Most string theorists believe that matrix theory is equivalent to M-theory. A year after the proposal of M-theory, Leonard Susskind introduced a suggestion for what the “M” could stand for. Matrix theory proposes that the fundamental units of the universe are 0-dimensional point particles, which Susskind calls partons (or D0-branes). These partons can assemble into all kinds of objects, creating the strings and branes required for M-theory.

Matrix theory was developed by Leonard Susskind, Tom Banks, Willy Fischler, and Steve Shenker in the year after Witten proposed M-theory. (The paper on the topic wasn’t published until 1997, but Susskind presented the concept at a 1996 string theory conference prior to publication.)

The theory is also approximated by 11-dimensional supergravity, which is one of the reasons string theorists think it’s appropriate to consider it equal to M-theory.

The name “parton,” which Susskind uses in his book The Cosmic Landscape to describe these 0-dimensional branes, comes from a term used by the Nobel Prize-winning quantum physicist (and string theory skeptic) Richard P. Feynman. Both Feynman and his colleague and rival Murray Gell-Mann were working to figure out what made up hadrons.

Though Gell-Mann proposed the quark model, Feynman had described a more vague theory where hadrons were made up of smaller pieces that he just called partons.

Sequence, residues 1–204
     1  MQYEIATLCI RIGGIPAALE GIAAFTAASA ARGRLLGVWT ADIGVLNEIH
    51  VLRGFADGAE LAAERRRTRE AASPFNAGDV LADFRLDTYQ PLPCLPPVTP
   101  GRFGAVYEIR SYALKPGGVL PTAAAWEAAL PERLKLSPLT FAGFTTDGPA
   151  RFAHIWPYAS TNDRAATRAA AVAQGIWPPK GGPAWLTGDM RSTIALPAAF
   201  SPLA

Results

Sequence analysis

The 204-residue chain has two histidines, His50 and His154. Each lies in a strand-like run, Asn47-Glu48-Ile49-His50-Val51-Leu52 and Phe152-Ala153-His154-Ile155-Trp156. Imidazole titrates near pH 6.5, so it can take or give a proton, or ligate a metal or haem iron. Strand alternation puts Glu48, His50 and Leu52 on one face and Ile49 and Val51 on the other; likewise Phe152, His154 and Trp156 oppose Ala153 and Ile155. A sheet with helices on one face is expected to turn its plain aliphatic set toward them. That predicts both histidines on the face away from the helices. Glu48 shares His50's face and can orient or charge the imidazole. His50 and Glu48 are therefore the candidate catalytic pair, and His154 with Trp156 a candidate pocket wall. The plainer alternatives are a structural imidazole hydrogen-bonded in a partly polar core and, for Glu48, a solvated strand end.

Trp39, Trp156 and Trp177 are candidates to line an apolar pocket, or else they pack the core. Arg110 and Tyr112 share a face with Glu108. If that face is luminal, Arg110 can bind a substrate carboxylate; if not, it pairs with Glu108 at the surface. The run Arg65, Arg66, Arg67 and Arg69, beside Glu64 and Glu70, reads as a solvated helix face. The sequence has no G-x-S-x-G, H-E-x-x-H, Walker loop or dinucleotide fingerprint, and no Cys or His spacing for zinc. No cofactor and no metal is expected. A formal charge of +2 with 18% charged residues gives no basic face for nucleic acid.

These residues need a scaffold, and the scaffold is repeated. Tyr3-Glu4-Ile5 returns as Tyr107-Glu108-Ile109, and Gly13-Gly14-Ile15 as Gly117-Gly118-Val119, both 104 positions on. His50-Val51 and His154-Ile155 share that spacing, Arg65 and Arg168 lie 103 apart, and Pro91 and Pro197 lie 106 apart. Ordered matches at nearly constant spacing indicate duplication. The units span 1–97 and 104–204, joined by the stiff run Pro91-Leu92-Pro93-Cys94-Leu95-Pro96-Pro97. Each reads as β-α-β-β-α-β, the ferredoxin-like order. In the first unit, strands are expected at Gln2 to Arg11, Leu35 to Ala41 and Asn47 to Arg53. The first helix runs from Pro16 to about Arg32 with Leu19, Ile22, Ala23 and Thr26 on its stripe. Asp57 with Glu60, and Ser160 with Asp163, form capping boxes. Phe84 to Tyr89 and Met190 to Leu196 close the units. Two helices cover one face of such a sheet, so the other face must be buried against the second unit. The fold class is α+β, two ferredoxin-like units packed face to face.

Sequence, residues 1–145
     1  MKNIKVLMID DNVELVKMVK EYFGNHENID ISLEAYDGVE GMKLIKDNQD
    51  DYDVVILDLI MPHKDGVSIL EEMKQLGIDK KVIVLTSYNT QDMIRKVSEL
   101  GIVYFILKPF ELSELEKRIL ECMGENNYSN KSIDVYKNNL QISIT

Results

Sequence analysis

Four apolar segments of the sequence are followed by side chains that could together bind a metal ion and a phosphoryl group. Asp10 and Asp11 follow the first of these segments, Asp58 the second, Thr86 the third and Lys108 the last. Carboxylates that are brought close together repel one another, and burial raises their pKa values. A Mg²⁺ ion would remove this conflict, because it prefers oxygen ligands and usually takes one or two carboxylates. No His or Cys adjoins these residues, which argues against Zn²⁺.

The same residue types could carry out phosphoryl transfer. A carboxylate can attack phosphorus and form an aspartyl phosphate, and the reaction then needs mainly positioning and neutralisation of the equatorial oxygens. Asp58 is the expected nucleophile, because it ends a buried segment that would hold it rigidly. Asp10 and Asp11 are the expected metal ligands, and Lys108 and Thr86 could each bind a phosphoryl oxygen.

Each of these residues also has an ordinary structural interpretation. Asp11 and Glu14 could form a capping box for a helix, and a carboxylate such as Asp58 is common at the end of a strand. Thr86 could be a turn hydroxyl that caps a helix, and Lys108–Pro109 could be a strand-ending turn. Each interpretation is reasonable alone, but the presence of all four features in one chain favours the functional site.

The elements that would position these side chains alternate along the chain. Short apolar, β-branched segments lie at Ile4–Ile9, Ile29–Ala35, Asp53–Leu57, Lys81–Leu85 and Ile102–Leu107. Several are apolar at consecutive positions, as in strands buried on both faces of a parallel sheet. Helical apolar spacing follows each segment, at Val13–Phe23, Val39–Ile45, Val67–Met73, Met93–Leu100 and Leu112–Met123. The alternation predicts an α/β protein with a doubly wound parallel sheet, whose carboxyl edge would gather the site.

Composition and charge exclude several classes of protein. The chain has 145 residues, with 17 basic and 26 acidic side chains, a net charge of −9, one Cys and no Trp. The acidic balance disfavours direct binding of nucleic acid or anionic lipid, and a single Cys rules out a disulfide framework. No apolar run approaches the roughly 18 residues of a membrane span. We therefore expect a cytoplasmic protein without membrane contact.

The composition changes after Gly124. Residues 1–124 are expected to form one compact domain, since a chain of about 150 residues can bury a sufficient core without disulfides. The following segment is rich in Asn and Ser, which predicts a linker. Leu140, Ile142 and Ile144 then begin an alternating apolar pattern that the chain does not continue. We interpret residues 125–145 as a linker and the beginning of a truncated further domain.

One intriguing aspect of the partons, noted by Witten, is that as they get close to each other, it becomes impossible to tell where the partons actually are. This may be reminiscent of the uncertainty principle in quantum mechanics, in which the position of a particle can’t be determined with absolute precision, even mathematically (let alone experimentally).

It’s impossible to test this the same way scientists can test the uncertainty principle, because there’s no way to isolate and observe an individual parton. Even light itself would be made up of a vast number of partons, so “looking” at a parton is impossible.

Unfortunately, the mathematics involved in analyzing matrix theory is difficult, even by the standards string theorists use. For now, research continues, and string theorists are hopeful that new insights may show more clearly how matrix theory can help shed light on the underlying structure of M-theory.